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    McDonald’s prints a restroom code on customers’ receipts for access to the toilets — at least the ones in working order.

    During my trip to France this month, I was reminded of the many things the French care little for. Here are five examples:

    Automatic transmissions

    In all my time in France, I’ve yet to ride in a vehicle that doesn’t have a manual transmission. I know automatics exist in France — you can rent one, for example — but I’ve never seen a French person drive one.

    Window screens

    They don’t exist. Get over it and enjoy the flies.

    Complaining about gas prices

    The French don’t partake in one of America’s favorite pastimes. Or maybe they do and I’ve just never heard them. I saw prices of more than $8/gallon but never heard one person blame the government or suggest gas stations are conspiring against them.

    Free public restrooms

    I paid $0.70 to an attendant to use the restroom in a train station outside of Paris. The restrooms in what I was told is the largest shopping center in Europe weren’t free, either. Even McDonald’s prints a restroom code on their receipts to give you access to their toilets.

    Restroom privacy

    Speaking of restrooms, doors are often situated so that, with the right angle and enough initiative, passers-by can often see you doing your business. Even in modern airports. There’s even less privacy in some restaurants and bars. I’ve seen urinals placed back-to-back with a sink shared by both men and women. Attention!

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    A 1930s Jazz bowl, commissioned by Eleanor Roosevelt to celebrate FDR’s reelection to Governor of New York.

    Michelle Marhoefer leads a tour through her and her husband’s humble art restoration studio in Momence, a quiet town of 3,000 in eastern Kankakee County.

    The shop is a former Danish Lutheran church, built in 1893, where Rtes. 17 and 114 meet at the Kankakee River, just minutes from the Illinois-Indiana state line. The couple bought it nearly 20 years ago, stripped it down to the studs and turned it into what is now Broken Art Restoration: an unlikely home base for some of the best art restoration work in the industry.

    Broken Art’s specialty is restoring rare porcelain, pottery and ceramics, and art collectors, dealers and auction houses send their broken items for repair in order to increase their value. And museums send pieces so they, in turn, can be put on display.

     Consider some of the couple’s work:

    • A 1930s Jazz bowl, sculpted by Viktor Schreckengost for Cowan Pottery. The bowls, featuring an Art Deco design celebrating the sights of New York City, were commissioned by Eleanor Roosevelt to celebrate FDR’s reelection to Governor of New York. She put the bowls in the governor’s residence in Albany, in their home in Hyde Park and in their apartment in Manhattan. One eventually made it to the White House, too. Broken Art repaired one that later sold at an auction for $123,000. One of the few remaining bowls can be found at The Art Institute of Chicago.

    • An early 20th century Terra Cotta vase designed by Frank Lloyd Wright. Two were produced by Teco Pottery for display at the alter of the Unity Temple in Oak Park, which was also designed by Wright and finished in 1908. Years later, one of the two vases was found in a broom closet, and after a repair to a chip in its base, it commanded an even larger sum at auction.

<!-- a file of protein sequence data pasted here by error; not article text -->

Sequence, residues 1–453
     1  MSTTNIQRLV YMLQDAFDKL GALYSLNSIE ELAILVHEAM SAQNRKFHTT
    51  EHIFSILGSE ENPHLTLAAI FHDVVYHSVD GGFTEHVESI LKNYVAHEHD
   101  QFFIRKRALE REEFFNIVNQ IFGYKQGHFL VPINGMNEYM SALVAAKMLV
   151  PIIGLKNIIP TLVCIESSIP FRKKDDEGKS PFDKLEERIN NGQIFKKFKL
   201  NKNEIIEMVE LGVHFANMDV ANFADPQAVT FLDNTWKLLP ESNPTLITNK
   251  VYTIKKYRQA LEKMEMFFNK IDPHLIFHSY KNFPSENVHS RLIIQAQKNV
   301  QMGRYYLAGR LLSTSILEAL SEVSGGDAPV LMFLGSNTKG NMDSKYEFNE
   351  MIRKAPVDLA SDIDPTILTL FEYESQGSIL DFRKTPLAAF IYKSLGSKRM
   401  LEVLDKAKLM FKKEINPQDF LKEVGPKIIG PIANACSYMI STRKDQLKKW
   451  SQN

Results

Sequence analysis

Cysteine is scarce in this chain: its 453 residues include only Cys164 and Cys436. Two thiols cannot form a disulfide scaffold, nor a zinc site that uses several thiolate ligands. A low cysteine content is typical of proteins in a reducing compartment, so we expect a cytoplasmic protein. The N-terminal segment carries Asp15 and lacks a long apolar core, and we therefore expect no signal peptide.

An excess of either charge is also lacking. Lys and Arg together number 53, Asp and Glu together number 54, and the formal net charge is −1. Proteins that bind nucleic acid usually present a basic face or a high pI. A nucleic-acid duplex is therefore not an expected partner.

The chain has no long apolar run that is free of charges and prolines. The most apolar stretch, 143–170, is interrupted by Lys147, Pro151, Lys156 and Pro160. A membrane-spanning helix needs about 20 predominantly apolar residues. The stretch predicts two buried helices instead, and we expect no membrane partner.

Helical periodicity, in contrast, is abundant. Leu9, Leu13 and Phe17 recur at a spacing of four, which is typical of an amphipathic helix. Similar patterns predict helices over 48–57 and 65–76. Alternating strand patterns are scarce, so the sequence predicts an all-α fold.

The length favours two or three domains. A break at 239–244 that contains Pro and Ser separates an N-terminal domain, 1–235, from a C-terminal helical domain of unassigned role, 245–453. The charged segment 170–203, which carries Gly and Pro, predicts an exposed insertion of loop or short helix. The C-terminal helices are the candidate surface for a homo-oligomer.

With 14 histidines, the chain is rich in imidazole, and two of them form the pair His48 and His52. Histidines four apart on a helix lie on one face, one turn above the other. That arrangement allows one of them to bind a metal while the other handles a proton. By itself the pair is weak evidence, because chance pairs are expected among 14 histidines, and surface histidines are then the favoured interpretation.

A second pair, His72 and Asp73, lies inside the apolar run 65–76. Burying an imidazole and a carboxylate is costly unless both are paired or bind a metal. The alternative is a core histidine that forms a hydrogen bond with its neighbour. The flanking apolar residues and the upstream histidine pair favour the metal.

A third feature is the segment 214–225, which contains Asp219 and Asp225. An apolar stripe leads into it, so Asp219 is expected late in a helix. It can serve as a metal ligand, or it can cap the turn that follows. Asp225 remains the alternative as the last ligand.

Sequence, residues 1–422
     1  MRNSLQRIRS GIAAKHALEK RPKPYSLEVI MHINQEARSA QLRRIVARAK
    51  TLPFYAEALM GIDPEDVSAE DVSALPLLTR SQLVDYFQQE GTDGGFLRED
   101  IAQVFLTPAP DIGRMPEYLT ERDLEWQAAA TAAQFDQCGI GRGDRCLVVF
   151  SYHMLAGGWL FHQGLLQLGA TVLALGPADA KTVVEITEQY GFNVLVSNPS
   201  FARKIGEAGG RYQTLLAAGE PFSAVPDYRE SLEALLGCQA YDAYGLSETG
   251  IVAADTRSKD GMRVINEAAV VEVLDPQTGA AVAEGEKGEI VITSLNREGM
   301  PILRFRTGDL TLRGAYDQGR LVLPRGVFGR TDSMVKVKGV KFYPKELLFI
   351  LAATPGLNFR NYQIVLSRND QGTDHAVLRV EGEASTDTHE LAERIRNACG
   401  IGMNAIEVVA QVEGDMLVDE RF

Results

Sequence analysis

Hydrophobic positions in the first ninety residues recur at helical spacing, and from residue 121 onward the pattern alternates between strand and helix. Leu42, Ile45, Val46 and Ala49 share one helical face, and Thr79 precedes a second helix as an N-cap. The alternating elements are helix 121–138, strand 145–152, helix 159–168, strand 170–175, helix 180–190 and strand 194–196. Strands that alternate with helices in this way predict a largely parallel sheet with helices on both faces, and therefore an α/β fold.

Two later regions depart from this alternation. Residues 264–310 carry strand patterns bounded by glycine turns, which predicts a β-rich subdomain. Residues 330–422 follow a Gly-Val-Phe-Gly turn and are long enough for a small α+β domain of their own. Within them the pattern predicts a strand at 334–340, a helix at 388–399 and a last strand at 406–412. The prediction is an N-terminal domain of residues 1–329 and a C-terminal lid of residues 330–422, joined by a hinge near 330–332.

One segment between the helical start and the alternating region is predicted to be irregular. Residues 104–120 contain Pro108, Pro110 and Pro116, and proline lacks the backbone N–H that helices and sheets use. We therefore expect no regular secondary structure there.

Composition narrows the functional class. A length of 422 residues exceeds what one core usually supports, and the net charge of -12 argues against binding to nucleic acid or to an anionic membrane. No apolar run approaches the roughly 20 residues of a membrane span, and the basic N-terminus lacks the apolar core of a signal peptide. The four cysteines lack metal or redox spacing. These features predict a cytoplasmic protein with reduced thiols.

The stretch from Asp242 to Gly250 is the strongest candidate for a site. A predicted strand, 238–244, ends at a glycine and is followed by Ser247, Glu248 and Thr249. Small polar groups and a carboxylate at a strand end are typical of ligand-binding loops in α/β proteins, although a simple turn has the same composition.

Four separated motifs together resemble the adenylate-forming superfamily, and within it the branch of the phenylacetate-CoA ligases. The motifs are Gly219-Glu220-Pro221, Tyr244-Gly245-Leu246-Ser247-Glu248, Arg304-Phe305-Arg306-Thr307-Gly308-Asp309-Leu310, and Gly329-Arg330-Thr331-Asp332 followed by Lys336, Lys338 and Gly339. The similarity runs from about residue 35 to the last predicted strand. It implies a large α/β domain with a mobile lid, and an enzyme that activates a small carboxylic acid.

While Broken Art restores museum-quality pieces, not everything they do goes on public display or brings hundreds of thousands of dollars on the open market. Much of their work is putting family heirlooms back together — simple repairs that often cost the customer just $50-$100. A small price to pay for something that has infinite sentimental value.

    Then there are pieces that are priceless for a different reason, like the prehistoric rhinoceros skull found in China and shipped to Broken Art from Hong Kong by a private collector. Bill did the repair to the cracked bone, estimated to be between 7-12 million years old.

    Above the door of Broken Art’s studio original stained glass, now more than 120 years old. The front room is filled with objects waiting for repair. Bill, a 62-year-old sculptor who migrated south from Chicago, emerges from the back room, where he’s repairing a work of Ruth Duckworth, a German-born sculptor known for her ceramics.

    Bill, the surgeon, repairs and restores nearly 1,000 pieces every year. Michelle, 55, nurses the patient back to health. An Arizona native, she remembers digging through desert sand for Native American pottery as a child. Her background is painting, and she’s the scientist behind matching colors and applying the finishing touches.

    “I’ve been doing it for 34 years,” she said.

    Not surprisingly, Michelle and Bill met through art, not long out of school, when they were both doing an apprenticeship at a porcelain restoration at a shop in Chicago. They married in 1984 and eventually started looking for a weekend getaway spot outside the city. They found one in Momence, which became their permanent home.

    The couple still has a storefront in the Ukrainian Village, a now hip neighborhood in Chicago. It opened in 1980 and grew from going door to door, the Yellow Pages in hand, to antique shops in the city. Bill goes there once a week to meet clients and pick up and drop off work. They celebrate their 35th work anniversary next year, and Bill estimates they’ve repaired 20,000 art objects since the start.

    Part of the business’ successes is the exclusivity of the service. Collectors and dealers of valuable artifacts made of porcelain or pottery have relatively few places to turn. Bill says Broken Art is the only business near Chicago and one of just a handful in the U.S. who are doing this type of restoration work. It’s an art in and of itself, one being done by fewer people these days.